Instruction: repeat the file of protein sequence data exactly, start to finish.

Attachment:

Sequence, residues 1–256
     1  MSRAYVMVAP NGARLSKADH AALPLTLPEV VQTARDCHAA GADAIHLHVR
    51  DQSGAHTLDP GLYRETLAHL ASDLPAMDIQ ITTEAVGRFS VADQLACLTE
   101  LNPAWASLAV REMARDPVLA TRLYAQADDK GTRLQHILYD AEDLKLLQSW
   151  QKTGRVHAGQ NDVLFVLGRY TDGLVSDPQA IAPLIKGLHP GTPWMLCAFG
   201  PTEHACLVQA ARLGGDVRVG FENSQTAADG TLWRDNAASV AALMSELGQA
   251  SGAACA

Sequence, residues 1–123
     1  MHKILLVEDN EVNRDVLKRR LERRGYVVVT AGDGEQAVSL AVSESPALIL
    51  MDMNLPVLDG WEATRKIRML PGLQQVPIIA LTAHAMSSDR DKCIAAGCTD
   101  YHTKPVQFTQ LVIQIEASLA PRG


Sequence, residues 1–256
     1  MSRAYVMVAP NGARLSKADH AALPLTLPEV VQTARDCHAA GADAIHLHVR
    51  DQSGAHTLDP GLYRETLAHL ASDLPAMDIQ ITTEAVGRFS VADQLACLTE
   101  LNPAWASLAV REMARDPVLA TRLYAQADDK GTRLQHILYD AEDLKLLQSW
   151  QKTGRVHAGQ NDVLFVLGRY TDGLVSDPQA IAPLIKGLHP GTPWMLCAFG
   201  PTEHACLVQA ARLGGDVRVG FENSQTAADG TLWRDNAASV AALMSELGQA
   251  SGAACA

Sequence, residues 1–123
     1  MHKILLVEDN EVNRDVLKRR LERRGYVVVT AGDGEQAVSL AVSESPALIL
    51  MDMNLPVLDG WEATRKIRML PGLQQVPIIA LTAHAMSSDR DKCIAAGCTD
   101  YHTKPVQFTQ LVIQIEASLA PRG